Yesterday, we learned that the federal judge who shut down the Wisconsin John Doe investigation into illegal campaign coordination has attended seminars sponsored in part by the Charles G. Koch Foundation. As if we needed further evidence that the right has largely succeeded in its campaign to politicize the American judiciary on behalf of corporate power, last night we found this item buried at the bottom of a local news story about BP’s continuing efforts to delay accountability for the 2010 Deepwater Horizon disaster.

The denial of the stay means the previous block on payments, imposed in December, could be lifted next week. But BP already says it will ask the Supreme Court directly to put a new stay in place while the High Court considers whether to hear BP’s case.

“We are disappointed and will seek review by the U.S. Supreme Court of this ruling,” BP Vice President Geoff Morrell said in a statement emailed to WWL-TV.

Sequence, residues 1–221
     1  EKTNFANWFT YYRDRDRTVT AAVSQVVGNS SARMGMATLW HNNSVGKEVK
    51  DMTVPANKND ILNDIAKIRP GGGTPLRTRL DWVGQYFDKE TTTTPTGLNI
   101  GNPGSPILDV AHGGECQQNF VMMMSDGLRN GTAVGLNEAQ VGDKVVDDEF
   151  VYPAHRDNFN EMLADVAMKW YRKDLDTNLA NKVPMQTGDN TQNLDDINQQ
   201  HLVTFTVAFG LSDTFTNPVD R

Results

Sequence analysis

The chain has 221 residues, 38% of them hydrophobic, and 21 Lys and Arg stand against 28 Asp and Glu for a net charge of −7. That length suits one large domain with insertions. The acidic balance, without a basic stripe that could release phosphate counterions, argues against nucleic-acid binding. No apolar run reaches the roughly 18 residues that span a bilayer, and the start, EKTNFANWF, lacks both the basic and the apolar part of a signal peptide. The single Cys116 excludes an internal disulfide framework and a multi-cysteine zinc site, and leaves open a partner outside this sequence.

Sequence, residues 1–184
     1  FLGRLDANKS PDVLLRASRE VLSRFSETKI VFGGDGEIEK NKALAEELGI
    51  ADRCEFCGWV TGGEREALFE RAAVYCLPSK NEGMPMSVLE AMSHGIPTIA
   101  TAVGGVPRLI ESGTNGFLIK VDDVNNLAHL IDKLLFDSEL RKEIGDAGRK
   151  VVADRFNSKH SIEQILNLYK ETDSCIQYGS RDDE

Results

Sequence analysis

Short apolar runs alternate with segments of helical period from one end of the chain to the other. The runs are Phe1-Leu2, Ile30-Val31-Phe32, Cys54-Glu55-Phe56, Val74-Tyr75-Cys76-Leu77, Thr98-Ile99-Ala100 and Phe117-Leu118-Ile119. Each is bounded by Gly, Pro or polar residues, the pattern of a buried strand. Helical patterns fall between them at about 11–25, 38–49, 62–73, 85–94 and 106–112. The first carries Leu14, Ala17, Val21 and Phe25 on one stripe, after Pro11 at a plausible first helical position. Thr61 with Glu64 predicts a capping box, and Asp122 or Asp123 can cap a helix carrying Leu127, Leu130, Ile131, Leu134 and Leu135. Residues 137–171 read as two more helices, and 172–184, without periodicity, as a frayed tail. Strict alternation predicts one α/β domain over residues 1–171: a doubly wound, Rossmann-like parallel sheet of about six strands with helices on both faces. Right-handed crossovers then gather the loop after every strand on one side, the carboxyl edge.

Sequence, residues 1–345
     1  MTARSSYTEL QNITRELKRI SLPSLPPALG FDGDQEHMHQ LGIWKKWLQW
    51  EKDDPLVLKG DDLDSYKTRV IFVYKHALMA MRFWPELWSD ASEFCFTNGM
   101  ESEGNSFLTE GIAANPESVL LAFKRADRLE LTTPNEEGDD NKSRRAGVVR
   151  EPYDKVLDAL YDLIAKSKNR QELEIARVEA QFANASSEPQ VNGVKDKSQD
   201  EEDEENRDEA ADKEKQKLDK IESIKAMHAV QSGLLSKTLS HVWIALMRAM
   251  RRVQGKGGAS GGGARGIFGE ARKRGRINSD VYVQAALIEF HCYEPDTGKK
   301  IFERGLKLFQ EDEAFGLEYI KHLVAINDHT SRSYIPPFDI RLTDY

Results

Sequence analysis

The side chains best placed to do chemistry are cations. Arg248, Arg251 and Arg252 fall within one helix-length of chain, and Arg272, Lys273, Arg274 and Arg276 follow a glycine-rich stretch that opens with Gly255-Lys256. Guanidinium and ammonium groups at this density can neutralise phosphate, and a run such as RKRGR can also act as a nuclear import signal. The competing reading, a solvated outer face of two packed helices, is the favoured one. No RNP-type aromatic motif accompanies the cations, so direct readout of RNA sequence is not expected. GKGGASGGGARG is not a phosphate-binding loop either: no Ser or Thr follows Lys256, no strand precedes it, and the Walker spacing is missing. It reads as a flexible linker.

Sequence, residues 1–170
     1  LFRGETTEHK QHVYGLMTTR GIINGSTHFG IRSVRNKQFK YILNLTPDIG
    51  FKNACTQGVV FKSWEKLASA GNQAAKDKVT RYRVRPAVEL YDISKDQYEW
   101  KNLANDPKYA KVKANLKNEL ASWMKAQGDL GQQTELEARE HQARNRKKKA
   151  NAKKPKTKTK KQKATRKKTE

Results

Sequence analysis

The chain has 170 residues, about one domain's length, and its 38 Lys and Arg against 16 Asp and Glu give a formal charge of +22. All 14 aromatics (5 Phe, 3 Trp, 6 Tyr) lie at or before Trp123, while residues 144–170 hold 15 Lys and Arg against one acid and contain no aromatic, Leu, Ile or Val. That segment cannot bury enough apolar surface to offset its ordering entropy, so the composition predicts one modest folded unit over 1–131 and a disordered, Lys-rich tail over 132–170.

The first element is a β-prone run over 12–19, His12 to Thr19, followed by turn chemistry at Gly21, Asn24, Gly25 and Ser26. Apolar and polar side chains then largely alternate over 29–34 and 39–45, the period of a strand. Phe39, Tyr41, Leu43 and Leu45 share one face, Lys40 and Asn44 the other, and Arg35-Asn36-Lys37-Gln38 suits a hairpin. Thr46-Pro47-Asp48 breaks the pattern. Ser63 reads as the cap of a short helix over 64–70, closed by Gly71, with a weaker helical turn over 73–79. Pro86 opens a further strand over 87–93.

BP has a potentially powerful ally in that effort. The Supreme Court justice assigned to the 5th Circuit is Antonin Scalia. He has granted such special injunctions in the past, in one case acting on his own to delay a settlement payment for eight months, even though the Supreme Court ended up not agreeing to hear the case.

Also, Scalia’s son, Eugene, is a partner at Gibson Dunn, the law firm representing BP in its appeal.

Justice delayed is justice denied, they say. If Scalia is anything like his colleague Clarence Thomas, he will see no reason to recuse himself if the court does take the case. The term “conflict of interest” means nothing anymore as long as you are conservative.

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